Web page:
As an illustration consider the four points of the input space that are used for the exclusive or and the biimplication problem, namely the corners of the unit square. These four points are shown as small colored circles in the left diagram of the lower part of the window: yellow - (0,0), blue - (1,0), green - (0,1), and red - (1,1). The picture above shows the 'exclusive or' problem, as can be seen from the fact that the blue and the green circle are solid, indicating that for these points an output value of 1 is desired. In contrast to this the yellow and the red circle are shown as rings, indicating that for these points an output value of 0 is desired.
The transformed points are shown with the same colors in the right diagram. Their positions can be made plausible as follows (drawing on those additional contour lines that are visible in the left diagram): The yellow and the blue point lie on that side of the (fully saturated) turquoise line the normal vector of this line points to. Hence the output value of the lower (turquoise) hidden neuron should be greater than 0.5. In contrast to this, the output value of the turquoise neuron should be less than 0.5 for the green and the red point. Since the lower (turquoise) neuron corresponds to the horizontal axis of the right diagram, the yellow and the blue point should be mapped to the right of the vertical grey line in the middle of this diagram (the 0.5 line - it corresponds directly to the turquoise line in the left diagram), whereas the red and the green point should be mapped to the left of this line. Actually this is the case.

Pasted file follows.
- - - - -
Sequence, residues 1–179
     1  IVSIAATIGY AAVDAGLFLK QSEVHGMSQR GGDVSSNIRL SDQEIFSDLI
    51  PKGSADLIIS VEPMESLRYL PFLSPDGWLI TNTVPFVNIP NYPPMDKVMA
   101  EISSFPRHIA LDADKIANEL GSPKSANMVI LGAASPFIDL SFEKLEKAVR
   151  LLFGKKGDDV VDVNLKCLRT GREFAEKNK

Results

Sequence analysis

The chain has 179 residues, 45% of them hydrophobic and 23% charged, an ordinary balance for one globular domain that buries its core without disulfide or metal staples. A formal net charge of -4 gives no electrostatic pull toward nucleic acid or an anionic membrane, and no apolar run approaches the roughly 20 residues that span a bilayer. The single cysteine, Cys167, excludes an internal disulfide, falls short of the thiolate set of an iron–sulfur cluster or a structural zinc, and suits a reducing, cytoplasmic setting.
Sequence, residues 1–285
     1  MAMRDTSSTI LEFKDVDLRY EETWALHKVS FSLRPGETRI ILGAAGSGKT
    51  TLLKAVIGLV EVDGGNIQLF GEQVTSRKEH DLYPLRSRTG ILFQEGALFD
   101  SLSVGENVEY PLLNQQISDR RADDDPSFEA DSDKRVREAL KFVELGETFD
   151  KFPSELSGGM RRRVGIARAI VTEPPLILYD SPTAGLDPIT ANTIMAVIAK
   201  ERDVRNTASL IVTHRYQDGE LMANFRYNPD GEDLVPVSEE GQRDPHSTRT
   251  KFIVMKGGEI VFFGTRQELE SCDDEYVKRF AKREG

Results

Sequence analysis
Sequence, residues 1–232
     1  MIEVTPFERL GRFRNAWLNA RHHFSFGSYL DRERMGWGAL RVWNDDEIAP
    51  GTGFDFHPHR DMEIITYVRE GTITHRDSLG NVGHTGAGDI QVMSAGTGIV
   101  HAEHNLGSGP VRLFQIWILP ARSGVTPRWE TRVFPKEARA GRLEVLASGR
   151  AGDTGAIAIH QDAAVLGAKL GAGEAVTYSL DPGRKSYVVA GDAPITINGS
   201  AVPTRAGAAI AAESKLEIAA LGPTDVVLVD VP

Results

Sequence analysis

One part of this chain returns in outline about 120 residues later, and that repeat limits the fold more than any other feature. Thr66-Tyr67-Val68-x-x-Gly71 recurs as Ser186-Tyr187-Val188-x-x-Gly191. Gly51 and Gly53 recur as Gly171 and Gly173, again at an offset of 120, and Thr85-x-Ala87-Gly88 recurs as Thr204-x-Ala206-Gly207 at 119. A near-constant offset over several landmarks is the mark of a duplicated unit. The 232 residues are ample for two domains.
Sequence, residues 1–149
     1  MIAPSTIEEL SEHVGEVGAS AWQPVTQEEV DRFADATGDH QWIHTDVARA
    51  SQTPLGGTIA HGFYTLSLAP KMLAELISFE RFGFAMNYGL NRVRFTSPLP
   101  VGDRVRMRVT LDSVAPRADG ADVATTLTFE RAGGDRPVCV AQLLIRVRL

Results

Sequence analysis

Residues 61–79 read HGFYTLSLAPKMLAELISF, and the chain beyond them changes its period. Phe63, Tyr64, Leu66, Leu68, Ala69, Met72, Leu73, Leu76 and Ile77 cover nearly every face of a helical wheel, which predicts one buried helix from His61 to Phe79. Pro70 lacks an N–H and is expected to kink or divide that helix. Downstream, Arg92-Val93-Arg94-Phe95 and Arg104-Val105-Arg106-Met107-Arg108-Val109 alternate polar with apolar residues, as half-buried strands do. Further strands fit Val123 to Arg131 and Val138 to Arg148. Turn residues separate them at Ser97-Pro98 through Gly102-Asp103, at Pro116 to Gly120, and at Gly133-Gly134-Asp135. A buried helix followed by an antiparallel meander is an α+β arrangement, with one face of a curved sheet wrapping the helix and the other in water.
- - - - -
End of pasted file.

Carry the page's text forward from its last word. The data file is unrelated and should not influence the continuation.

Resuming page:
Note that the additional (less saturated) additional contour lines allow for a more precise determination of the destination location. The yellow point is closer to the turqouise 0.5 line, while the blue point is closer to the additional (less saturated) 0.6 turquoise contour line, explaining their position relative to the vertical grid lines in the right diagram. Likewise, the green point is just before the additional 0.3 turquoise contour line, the red point between the 0.3 and 0.4 contour lines. Analogously the vertical positions can be made plausible by considering the positions of these points relative to the (fully saturated) 0.5 magenta and the additional (less saturated) 0.6 contour line.
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Obviously, for the simple logical functions we are concerned with here, the task of training the network is to find a transformation of the input coordinates that makes it is possible to find a separating line for the transformed points. Such a transformation is indeed found for the initial configuration shown above if the network is trained with backpropagation.